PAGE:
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Revelation and the kingdom of Christ

April 14, 2012

In a post on Five Views of Revelation & Rev. 1:1-8, David Bielby mentions the Preterist, Futurist, Idealist, and Historical views, and a 5th view which sees Revelation as “revealing the inauguration of the Kingdom of God.”

In his post Different Approaches to Revelation Snapshot, Bielby cited Stephen S. Smalley, Vern Poythress, G. K. Beale as scholars who employed this approach. He notes, “This emphasis on the inauguration of the Kingdom of God is what binds Smalley, Poythress and Beale’s approach to Revelation together.”

Bielby’s position contrasts with the approach of Phillip J. Long in Interpreting Revelation – Modified Futurism, which is “reading most of Revelation as a prophecy of the second coming of the Messiah.” Prophecies that Long views as future, Bielby interprets as applying to the present age of the church. His article Is Revelation about the future or the past or a mix? addresses the issue.

On the 5th trumpet plague, in the post: The Seven Trumpets (Rev 8-11), Bielby wrote:

Demons are commissioned to torment hardened unbelievers by further impoverishing their soulds and reminding them of their hopeless spiritual plight. (9:1-12)

Bielby’s comments on the two witnesses of chapter 11 are limited to two paragraphs:

The Two witnesses in the middle of this horrible time call the world to repentence and are to warn the world of the coming wrath of God. These two witnesses represent the prophetic power packed testimony that the gospel of the Kingdom is true and that Jesus Christ is the savior and just judge of the world.

If the two witnesses represent the church, then the death of these two witnesses represents the death of the visible church at the end of her time to be a witness to the world.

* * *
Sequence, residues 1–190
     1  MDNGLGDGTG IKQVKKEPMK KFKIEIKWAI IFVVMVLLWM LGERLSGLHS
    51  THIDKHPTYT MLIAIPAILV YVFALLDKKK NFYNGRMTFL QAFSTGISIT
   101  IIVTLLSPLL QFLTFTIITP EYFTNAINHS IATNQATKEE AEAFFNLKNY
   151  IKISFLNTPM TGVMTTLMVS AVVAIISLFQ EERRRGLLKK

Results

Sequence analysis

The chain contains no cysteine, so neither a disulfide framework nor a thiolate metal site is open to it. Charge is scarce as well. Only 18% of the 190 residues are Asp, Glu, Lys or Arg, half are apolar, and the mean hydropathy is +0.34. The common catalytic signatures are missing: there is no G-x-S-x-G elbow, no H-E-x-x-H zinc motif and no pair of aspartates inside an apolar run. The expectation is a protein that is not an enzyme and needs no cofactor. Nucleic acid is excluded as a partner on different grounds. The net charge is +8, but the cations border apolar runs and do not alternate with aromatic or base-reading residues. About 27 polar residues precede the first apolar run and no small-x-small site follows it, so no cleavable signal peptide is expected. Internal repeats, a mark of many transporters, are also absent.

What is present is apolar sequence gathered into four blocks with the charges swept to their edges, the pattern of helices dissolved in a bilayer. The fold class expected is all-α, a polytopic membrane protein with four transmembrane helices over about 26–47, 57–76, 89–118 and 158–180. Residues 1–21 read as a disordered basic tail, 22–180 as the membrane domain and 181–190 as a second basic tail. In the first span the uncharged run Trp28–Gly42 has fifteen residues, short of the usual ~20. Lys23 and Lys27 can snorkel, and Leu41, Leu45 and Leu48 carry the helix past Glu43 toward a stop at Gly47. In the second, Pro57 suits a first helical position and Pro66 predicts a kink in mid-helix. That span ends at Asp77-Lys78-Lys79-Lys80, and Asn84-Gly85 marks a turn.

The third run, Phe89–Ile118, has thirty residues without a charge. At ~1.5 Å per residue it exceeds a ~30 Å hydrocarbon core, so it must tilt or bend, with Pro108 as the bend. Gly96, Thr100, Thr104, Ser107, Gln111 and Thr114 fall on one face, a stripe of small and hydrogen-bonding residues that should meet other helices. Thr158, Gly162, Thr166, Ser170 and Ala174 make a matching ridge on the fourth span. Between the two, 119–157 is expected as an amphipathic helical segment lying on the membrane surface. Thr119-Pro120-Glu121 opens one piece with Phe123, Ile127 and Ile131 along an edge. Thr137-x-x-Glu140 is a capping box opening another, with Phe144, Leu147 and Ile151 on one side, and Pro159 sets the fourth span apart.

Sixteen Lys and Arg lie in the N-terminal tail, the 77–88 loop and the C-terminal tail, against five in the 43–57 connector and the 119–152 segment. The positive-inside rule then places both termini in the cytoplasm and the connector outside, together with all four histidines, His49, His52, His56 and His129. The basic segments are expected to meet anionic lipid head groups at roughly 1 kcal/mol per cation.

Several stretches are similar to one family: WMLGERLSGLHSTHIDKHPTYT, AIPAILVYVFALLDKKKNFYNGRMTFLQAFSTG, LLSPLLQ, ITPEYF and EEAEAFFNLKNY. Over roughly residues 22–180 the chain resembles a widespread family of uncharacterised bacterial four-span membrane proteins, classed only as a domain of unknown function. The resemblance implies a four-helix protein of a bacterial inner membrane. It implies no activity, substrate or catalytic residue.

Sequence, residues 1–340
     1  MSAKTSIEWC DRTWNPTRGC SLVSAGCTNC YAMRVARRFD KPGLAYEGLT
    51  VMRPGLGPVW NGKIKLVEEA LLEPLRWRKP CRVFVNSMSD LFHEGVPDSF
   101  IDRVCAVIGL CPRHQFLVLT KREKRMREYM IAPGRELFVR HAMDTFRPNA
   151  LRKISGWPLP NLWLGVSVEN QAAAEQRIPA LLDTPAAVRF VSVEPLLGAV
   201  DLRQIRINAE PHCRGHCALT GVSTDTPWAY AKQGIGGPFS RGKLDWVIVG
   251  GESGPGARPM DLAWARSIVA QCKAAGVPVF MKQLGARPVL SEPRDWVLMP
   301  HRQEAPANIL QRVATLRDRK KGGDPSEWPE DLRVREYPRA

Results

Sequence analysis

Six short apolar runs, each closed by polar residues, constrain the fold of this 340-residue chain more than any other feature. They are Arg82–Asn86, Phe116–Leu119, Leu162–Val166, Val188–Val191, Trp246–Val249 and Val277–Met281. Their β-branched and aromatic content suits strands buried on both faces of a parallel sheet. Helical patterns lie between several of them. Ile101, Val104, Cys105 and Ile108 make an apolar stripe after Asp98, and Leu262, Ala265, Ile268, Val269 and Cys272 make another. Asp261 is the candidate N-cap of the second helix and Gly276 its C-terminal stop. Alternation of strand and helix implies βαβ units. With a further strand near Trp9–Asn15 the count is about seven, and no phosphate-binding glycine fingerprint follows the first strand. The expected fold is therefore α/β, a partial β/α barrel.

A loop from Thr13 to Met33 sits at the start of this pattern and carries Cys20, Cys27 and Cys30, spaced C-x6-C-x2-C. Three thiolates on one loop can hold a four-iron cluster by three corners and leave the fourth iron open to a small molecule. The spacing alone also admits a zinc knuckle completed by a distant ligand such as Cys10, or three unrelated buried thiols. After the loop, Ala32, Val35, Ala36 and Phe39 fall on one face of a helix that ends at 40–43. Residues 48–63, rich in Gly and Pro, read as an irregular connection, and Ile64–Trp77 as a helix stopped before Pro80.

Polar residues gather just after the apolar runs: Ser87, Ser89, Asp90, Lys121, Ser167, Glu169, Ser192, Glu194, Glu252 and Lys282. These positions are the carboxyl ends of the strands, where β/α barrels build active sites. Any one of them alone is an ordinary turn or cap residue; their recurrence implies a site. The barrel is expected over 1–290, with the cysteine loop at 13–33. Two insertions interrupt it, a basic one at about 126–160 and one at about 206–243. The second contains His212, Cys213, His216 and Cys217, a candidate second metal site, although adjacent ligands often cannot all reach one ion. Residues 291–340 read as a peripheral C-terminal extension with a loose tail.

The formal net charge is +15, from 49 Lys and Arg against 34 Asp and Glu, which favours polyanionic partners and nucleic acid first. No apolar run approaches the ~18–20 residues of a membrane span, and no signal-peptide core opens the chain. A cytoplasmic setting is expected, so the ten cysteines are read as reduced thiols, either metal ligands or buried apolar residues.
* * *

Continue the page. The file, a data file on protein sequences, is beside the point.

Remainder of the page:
Bielby’s position on Millennialism is presented in The Great Promise (Revelation 20:1-10). In the post he stated: “The Millennium started for deceased saints during the church age by the resurrection of their souls, placing them in the heavenly condition of having authority with Christ as priests and kings over spiritual death.”

For John, reigning with Christ is a privilege restricted to those who are beheaded, and who do not worship the beast. Beheaded is not meant literally, but has a spiritual meaning. Almost all commentators agree that the meaning of beheaded is not those saints who died by literal beheading with an ax, but most commentators fail to consider its spiritual meaning; the expression does not refer to martyrs. Taken literally, it would exclude those saints who were crucified, or burned at the stake, or killed by wild animals, or in other ways. Saints who died of sickness or old age would be excluded. I suggest the spiritual meaning of beheaded is connected with Paul’s teaching about the “renewing of your mind” in Romans 12:2 and Ephesians 4:23. This agrees with the interpretation of the first resurrection as being raised up with Christ in a spiritual sense, pictured by baptism, and applies to every genuine Christian, not just martyrs. Paul wrote:

Romans 6:4
Therefore we are buried with him by baptism into death: that like as Christ was raised up from the dead by the glory of the Father, even so we also should walk in newness of life.